The new Ratings Percentage Index will be utilized starting this year.
Change seems to be a constant as it relates to football and the Florida High School Athletic Association.
The most recent of these changes came Monday, Jan. 28, when the FHSAA Board of Directors endorsed the recommendation set in place by the Football Advisory Committee relating to the use of a Ratings Percentage Index to rank football teams for the state playoffs.
Unlike the old system — which took into account a team’s winning percentage and their opponent’s winning percentage — the new RPI will include those two metrics, as well as the winning percentage of the opponents of opponents. The first two metrics count for 35% of a team’s ranking, while the newest addition will count for 30%.
For many coaches, it’s a positive change from the playoff point system that was used last year.
“It’s just going to make for much better games across the board, which is great,” Windermere Prep coach Jacob Doss said. “And we are finally — I think — getting some pageantry and some traditions in high school, because you’re going to get better coaches. It’s going to be great because right now there are just so many teams and everyone makes the playoffs. … Now, they’ll deserve to be there.”
One of the biggest issues has been that not all team’s schedules are what they may appear, and it has led to many blowouts in the first round.
A team could finish with eight or nine wins throughout the regular season, but if its schedule is padded with sub-.500 opponents, then its success could be misleading. It’s a topic that has been a thorn in the side of coaches who want to see playoff-worthy teams in the tournament.
Olympia head coach Travis Gabriel said the rules should go even a step further to make it more difficult to allow teams into the playoffs.
“One strict rule should be‚ if you have a losing record, you can’t make the playoffs — period,” Gabriel said. “You can’t make the playoffs at 4-6 or 3-7. You shouldn’t even be thought of. I think that’s something that should be done.”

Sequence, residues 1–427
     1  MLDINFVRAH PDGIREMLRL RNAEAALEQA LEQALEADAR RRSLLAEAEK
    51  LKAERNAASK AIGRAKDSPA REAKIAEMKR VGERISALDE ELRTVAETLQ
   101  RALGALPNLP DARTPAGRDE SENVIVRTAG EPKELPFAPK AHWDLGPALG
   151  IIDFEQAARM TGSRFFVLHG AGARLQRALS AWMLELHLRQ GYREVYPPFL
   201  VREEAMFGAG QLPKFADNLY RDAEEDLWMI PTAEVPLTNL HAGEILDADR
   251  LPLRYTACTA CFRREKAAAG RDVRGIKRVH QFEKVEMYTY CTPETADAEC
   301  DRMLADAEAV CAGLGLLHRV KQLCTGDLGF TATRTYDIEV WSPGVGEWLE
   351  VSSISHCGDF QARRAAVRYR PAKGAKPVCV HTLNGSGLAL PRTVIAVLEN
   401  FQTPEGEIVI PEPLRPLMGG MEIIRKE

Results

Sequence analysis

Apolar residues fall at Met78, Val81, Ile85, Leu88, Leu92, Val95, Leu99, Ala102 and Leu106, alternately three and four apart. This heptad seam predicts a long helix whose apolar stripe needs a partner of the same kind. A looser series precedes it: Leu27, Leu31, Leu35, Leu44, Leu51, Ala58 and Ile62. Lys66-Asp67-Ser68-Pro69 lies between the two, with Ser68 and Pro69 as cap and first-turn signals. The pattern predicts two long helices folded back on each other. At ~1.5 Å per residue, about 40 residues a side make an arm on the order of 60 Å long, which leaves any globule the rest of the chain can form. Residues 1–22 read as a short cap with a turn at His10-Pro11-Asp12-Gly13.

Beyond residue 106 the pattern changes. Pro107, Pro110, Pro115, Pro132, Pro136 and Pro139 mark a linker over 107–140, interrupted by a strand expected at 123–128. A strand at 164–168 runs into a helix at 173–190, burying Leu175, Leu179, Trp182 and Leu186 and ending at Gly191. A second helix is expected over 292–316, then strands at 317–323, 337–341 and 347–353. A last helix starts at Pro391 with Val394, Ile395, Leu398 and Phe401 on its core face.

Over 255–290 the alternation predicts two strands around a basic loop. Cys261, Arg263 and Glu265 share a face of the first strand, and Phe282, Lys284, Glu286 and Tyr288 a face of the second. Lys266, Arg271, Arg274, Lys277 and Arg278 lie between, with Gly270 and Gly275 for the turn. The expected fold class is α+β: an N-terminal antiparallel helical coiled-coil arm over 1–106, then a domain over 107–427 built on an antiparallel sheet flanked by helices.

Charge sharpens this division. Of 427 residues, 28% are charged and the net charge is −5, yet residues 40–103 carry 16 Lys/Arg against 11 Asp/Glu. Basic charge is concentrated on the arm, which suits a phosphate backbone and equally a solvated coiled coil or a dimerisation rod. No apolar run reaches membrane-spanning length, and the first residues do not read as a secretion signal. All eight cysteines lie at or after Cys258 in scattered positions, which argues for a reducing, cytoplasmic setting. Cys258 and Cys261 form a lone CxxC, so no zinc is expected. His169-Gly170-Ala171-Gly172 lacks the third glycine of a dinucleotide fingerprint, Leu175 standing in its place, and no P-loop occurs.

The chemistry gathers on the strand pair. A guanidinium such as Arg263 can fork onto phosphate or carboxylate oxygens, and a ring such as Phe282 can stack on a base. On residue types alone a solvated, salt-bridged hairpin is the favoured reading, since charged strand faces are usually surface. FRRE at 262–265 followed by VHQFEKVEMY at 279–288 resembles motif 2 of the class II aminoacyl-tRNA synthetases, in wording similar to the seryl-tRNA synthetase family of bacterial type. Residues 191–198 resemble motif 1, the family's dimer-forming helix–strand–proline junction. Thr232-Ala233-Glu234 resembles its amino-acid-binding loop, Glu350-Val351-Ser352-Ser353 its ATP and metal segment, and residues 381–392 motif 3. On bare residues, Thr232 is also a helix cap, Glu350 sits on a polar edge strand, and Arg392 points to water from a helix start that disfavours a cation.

Although Doss’ Lakers team plays in the SSAC — which is separate from the FHSAA — the new playoff changes have sparked a debate: Should Windermere Prep stay in the SSAC or make moves to join the FHSAA?
“I have a list of eight or nine questions, because we are at that critical juncture where, ‘Do we stay in the SSAC for one more year and then potentially go out and do this?’” Doss said. “Off the top of my head, I think it’s pretty awesome, and it makes sense. I love what they’re doing across the board with all the sports. It’s going to be really good for our school.”
The ultimate goal of the FHSAA is to make the field more competitive and renew old rivalries, which would hopefully make the whole experience more fan friendly.
Having more excitement on the field by avoiding a barrage of blowouts also could help with another key issue — dwindling fan attendance, especially in the playoffs.
No one wants to sit through a 60-0 drubbing, whether they be in the stands or on the field. However this season’s schedules already are set, much to the dismay of many coaches.
Although Gabriel understands the intended purpose, the thought of having new metrics set into place was excessive in its nature. Instead, Gabriel would like to go back to a simpler method of determining who makes it into the playoffs.
“It’s a little complicated to me and confusing, because the fact is they’re taking the winning percentage of your opponent and then the winning percentage of your opponent’s opponent — that’s a lot of percentages and movement to determine,” Gabriel said. “Since we implemented the new playoff system, I’ve always been a fan of taking the district champs, and then you take what you would consider the best of the rest. “